Aboriginal Peoples Television Network (APTN)

Aboriginal Peoples Television Network (APTN) is the world’s first Indigenous national broadcaster dedicated to Indigenous programming. First broadcast on 1 September 1999 in Winnipeg, Manitoba, APTN provides various content, including news, dramas and documentaries. Aimed at diverse audiences, APTN offers programming in Indigenous languages, English and French. It broadcasts into more than 11 million Canadian households and businesses, a significant portion of which are located in remote areas. APTN mainly generates revenue for operations through subscriber fees, advertising sales and partnerships.

Aboriginal Peoples Television Network

Creation of APTN

Aboriginal Peoples Television Network (APTN) grew out of Television North Canada (TVNC), a network that featured daily news and coverage of issues concerning both Indigenous and northern populations in Canada. First airing in 1991, TVNC broadcasted from Yukon to northern Labrador.

In 1998, Abraham Tagalik, chairman of TVNC, put forward a bid for a new national Indigenous network that would change media stereotypes of Indigenous peoples. Tagalik’s bid received support from both Indigenous and non-Indigenous people, including broadcasters and the Assembly of First Nations. One anonymous supporter said that APTN would be a “gift to the country, benefiting not only the Aboriginal people, but all other parts of the cultural mosaic that is Canada.” Tagalik later went on to become APTN’s chief operating officer.

In February 1999, the media regulator Canadian Radio-television and Telecommunications Commission (CRTC) granted APTN a national broadcast licence. While some opposed the APTN application, objecting to the CRTC’s mandating of APTN content on television, many more supported this requirement, and the decision held.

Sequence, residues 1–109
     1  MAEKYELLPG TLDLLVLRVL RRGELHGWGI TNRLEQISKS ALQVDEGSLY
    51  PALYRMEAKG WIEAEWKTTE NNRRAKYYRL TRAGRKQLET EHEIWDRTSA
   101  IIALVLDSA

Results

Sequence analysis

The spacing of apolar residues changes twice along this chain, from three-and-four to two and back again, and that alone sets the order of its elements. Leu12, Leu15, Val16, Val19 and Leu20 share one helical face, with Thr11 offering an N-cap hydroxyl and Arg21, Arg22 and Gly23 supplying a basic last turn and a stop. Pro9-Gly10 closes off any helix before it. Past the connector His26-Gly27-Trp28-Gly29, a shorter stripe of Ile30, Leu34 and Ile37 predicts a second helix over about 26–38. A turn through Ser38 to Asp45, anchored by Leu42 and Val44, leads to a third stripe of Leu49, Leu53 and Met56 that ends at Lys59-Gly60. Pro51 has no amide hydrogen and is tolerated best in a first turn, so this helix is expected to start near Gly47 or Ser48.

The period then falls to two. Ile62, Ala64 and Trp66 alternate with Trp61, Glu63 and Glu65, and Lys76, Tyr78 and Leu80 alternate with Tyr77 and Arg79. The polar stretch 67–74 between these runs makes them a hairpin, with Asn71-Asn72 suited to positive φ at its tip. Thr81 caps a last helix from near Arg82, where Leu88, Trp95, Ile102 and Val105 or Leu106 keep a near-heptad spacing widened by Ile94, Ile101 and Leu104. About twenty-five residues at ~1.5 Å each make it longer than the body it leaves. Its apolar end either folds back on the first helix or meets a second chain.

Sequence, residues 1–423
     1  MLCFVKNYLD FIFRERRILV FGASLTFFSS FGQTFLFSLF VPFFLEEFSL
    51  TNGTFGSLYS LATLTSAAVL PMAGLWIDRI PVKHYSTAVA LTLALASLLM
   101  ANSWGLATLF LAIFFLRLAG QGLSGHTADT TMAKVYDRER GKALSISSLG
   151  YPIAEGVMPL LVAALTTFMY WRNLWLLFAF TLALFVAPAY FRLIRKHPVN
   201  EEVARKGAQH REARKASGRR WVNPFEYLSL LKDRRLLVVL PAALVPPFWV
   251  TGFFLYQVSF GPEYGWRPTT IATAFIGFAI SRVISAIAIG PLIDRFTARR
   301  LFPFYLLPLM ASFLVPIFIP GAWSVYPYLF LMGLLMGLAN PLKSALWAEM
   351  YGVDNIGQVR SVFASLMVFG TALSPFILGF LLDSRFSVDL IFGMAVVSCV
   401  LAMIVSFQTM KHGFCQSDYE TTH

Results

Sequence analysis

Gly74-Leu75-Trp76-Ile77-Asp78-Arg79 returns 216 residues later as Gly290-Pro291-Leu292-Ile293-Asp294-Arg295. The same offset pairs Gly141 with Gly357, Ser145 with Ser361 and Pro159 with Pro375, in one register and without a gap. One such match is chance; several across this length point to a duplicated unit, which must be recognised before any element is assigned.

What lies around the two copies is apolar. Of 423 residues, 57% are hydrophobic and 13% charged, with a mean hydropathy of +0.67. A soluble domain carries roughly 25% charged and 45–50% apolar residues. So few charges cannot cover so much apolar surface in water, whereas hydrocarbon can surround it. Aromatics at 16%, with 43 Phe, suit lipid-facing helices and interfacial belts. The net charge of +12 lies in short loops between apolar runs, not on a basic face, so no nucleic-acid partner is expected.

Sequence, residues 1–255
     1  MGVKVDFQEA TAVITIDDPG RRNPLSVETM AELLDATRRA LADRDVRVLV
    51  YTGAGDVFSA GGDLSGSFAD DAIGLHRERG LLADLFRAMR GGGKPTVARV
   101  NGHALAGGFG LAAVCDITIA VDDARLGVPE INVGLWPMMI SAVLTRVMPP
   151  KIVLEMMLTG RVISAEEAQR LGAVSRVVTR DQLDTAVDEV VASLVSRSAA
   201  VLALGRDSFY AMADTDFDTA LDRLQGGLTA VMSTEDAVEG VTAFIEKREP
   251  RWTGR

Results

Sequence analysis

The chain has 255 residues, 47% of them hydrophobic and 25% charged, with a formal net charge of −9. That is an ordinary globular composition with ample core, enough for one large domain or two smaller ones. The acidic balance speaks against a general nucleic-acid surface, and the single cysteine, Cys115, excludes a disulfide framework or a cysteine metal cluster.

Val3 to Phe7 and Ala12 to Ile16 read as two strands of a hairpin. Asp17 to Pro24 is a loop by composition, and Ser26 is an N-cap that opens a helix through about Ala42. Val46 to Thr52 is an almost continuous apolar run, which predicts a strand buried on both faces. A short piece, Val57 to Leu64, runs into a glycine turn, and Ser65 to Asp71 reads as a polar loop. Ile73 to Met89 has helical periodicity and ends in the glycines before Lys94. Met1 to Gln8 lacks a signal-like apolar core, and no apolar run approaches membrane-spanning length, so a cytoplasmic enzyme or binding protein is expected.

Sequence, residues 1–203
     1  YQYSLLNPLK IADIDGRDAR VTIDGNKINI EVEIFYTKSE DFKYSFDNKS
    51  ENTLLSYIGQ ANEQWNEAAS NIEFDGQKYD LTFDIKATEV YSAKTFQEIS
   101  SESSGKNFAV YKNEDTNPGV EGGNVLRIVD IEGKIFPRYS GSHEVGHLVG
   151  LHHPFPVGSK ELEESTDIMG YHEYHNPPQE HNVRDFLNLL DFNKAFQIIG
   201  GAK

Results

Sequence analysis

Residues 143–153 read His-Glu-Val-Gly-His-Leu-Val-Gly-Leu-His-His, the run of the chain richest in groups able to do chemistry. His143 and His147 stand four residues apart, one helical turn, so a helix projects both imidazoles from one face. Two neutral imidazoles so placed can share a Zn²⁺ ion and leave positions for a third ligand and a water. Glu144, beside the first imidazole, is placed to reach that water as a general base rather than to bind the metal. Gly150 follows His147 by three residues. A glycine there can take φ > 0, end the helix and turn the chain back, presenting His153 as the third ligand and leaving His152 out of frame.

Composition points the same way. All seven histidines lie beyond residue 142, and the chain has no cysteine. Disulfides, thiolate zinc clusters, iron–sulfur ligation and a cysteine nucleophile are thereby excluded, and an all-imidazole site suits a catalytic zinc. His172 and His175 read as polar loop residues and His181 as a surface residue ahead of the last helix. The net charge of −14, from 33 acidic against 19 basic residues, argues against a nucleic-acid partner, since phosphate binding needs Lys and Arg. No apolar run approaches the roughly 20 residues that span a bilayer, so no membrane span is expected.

When APTN launched on 1 September 1999, Indigenous peoples in Canada were able to share media stories in their own languages from coast to coast to coast for the first time. The network’s mission is “sharing our Peoples’ journey, celebrating our cultures, inspiring our children and honouring the wisdom of our Elders.”

Operations

Based in Winnipeg, Manitoba, APTN broadcasts into more than 11 million Canadian households and businesses. A significant portion of its audience is made up of people living in remote areas of Canada. APTN operates bureaus in three northern centres: Yellowknife, Whitehorse and Iqaluit, as well as in other parts of the country: Halifax, Montreal, Ottawa, Toronto, Thunder Bay, Calgary, Edmonton, Winnipeg and Vancouver. As of May 2018, it has 127 full-time employees, the majority of whom are Indigenous.

With more than 80 per cent Canadian content, APTN also airs programs from New Zealand, Australia, Central and South America and the United States. Just over half of its programs are in English; the rest are in Indigenous languages (28 per cent) and French (16 per cent). APTN mainly generates revenue for operations through subscriber fees, advertising sales and partnerships. In 2017, the network signed an agreement worth $2 million with the federal Department of Heritage Canada for the production of Aboriginal Day Live.

Programming

APTN delivers news coverage of issues concerning Indigenous peoples in Canada, including missing and murdered Indigenous women and girls, healthcare, living conditions both on- and off-reserve, the economy and land claims. (See also Social Conditions of Indigenous Peoples in Canada.)